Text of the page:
INTERVIEW WITH EMMY THE GREAT
We sure have missed you Emmy, what have you been up to over the past year or so?
I’ve been living a soap opera and then making an album about it! I missed being on the road. It was such a weird year, I feel as though it doesn’t count.
Last time you played Bristol was at the Fleece and that’s where you’re headed back to on this tour – what do you think of that venue and the city as a whole?
Actually this time our keyboard player is a Bristol University alumni so it’ll be a bit of a homecoming for her. It’s a very cool city. People there are always massive music fans. And one of my buddies just moved there, so it’ll be a good date. I haven’t been to the venue since we played but it was definitely a fun night. I seem to remember getting hammered.
What was the main inspiration behind your recent album, Virtue?
I started writing the songs in the Autumn of 2009, which is when I got engaged. I finished the songs around June 2010, which is when I was supposed to be getting married. What actually happened was that my fiance converted to an extreme form of Christianity, apparently overnight, and started a new life abroad. It just happened that I was writing an album over this incredibly curious period, and if I didn’t address that in the songs, it would have been a wasted opportunity to deal with and make a record of my experience. It’s so strange because a lot of things came out in the songs which I didn’t even know I was feeling, and I sometimes felt like my subconscious was sending me messages. It was an effective form of therapy as much as anything else. That sense of being looked after made it into my writing as well. I started to assign my own, secular ‘saints’ to each song, who were symbolic of me knowing I would be all right.
There are a bunch of interesting items featured on the album cover, talk us through those…
The album cover was devised over a few months with Alex Lake (www.twoshortdays.com). We used a few things as starting points – photos I’d taken during songwriting as inspiration, images from the album, images from fairytales etc…The gingerbread factory and the dinosaurs were our Eureka moments. There was also going to be a more traditional gingerbread house, but I made that one as the baker pulled out last minute, and we ended up having to use Alex’s one on its own as mine just looked like a three year old had eaten a bag of sweets and pooped on a plate. Both houses were designed by Patrick Wheeler and Jane Larmour, Belfast-based architects. I asked if we could eat the house, and Alex asked me if I liked the taste of wood glue. It now lives at a primary school in Brighton.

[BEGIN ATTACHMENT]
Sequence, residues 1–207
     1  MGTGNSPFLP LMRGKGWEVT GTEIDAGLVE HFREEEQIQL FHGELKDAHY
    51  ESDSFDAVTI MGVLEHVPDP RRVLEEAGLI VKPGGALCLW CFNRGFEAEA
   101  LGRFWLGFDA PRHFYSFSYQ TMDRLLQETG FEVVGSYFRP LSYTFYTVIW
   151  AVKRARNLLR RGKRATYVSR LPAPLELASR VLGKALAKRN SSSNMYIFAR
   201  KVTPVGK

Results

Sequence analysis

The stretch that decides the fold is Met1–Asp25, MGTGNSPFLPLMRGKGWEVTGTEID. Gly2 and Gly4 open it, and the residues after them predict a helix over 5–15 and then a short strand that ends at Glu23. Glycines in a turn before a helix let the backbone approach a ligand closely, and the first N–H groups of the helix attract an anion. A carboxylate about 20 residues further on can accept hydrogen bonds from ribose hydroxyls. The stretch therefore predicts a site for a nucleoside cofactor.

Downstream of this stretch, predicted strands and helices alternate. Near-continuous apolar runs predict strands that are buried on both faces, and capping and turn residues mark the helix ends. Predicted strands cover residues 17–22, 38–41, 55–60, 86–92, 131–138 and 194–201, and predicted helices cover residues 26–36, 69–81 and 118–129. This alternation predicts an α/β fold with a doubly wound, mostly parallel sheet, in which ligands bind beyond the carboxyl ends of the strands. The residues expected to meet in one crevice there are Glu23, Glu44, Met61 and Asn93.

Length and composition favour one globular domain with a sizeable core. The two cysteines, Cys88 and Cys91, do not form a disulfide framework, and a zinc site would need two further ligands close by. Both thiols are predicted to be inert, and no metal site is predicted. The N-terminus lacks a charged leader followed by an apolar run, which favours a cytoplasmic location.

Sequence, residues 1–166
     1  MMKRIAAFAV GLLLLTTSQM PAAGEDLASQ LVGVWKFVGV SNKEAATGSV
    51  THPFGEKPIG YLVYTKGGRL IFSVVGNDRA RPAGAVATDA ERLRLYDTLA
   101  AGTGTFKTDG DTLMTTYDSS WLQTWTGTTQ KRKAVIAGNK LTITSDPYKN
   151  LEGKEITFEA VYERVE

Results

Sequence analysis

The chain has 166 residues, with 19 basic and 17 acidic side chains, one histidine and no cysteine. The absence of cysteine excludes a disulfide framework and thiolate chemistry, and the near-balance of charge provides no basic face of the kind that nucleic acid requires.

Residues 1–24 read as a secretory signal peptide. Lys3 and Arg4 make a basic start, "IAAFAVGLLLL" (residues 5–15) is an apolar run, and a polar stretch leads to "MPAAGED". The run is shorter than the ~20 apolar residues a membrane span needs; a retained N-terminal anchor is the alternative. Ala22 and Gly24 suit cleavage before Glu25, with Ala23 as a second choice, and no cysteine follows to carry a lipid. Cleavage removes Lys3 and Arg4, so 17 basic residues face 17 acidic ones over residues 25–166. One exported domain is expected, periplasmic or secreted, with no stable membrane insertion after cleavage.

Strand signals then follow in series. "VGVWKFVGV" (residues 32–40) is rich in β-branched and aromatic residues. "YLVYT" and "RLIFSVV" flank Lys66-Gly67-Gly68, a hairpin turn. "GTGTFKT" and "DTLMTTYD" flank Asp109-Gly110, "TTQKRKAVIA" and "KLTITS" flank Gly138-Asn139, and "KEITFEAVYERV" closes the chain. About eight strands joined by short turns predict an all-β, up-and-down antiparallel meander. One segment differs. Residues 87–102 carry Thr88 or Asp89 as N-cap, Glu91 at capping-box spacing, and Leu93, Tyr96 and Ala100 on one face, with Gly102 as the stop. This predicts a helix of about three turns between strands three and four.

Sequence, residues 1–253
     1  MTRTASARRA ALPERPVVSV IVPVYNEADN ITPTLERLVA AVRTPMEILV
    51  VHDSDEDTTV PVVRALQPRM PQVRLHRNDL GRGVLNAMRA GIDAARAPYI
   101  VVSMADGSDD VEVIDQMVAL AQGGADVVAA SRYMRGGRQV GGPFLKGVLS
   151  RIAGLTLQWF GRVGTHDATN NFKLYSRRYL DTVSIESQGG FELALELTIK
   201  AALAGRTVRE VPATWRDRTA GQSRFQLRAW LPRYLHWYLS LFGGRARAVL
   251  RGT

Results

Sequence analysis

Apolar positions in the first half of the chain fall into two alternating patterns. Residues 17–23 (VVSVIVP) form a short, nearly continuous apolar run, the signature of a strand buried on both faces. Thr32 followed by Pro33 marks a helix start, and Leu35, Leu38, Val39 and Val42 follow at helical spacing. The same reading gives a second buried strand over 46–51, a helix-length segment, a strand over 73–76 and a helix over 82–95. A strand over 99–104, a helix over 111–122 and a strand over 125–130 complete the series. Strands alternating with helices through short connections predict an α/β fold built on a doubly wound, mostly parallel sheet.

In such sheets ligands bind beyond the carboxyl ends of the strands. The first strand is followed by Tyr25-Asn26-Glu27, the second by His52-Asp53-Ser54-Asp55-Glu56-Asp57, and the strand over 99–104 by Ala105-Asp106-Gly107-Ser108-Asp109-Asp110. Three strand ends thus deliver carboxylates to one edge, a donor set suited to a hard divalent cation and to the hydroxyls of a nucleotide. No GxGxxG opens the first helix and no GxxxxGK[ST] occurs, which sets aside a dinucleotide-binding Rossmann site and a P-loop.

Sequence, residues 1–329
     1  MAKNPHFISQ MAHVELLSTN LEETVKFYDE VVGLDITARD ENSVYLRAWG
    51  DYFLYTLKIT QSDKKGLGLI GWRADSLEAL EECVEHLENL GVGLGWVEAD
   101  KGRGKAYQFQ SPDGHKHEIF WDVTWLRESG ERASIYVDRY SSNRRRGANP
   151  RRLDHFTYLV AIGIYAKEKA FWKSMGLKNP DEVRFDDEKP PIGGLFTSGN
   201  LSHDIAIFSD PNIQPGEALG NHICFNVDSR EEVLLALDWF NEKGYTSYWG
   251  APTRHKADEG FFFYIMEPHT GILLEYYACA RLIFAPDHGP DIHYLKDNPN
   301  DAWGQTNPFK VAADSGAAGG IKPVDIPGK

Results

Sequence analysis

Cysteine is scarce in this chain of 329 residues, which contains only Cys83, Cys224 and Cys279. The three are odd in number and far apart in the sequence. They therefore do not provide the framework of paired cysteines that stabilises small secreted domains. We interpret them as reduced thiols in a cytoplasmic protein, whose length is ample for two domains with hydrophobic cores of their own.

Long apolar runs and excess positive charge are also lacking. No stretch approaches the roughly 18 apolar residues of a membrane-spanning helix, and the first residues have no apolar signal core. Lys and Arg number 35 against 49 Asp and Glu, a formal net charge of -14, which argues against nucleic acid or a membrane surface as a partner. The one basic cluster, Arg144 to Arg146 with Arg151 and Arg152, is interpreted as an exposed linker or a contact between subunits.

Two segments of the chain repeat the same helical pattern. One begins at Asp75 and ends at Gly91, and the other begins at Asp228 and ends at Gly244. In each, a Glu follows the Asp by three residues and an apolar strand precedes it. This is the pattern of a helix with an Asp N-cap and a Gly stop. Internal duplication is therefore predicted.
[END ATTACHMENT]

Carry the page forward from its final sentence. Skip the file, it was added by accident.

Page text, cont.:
What’s been your best ever festival experience?
This year it has to be playing on stage with Billy Bragg, a complete legend and a huge hero of mine. It was a life highlight i think.
You’re best known for your solo work but you’ve been part of groups as well, which do you prefer?
I love being in my band when we all play together. It’s the funnest thing. Me and Euan have played together so long it’s telepathic these days.
Tell us more about your collaboration with Tim from Ash earlier in the year…
We got snowed in over Christmas 2010 – like literally snowed in – and ended up missing four flights between us and so we wrote the songs (or at least the titles) for a Christmas record. Then while we were recording that later on, in 2011, we were asked to record a song for a project set up by Robert Manning for the MS Society, so we recorded that too. It’s a great project. We also did a bonus track for the Asian version of my album which turned out to be a bigger hit than the normal album tracks, because it was a cover of a Cantonese song.
If you don’t mind me saying, you and Tim are both pretty hot, do you think it’s easier to go far in the music industry when you’re good looking?
I LOVE you. Um, isn’t it basically easier in general in life if you’re good looking? I’m not actually hot in real life though. If I look good in a photograph it’s because i’m pulling my Myspace face.
Emmy the Great plays Bristol Fleece on October 11 and Cardiff Globe on October 13.
by 247 Magazine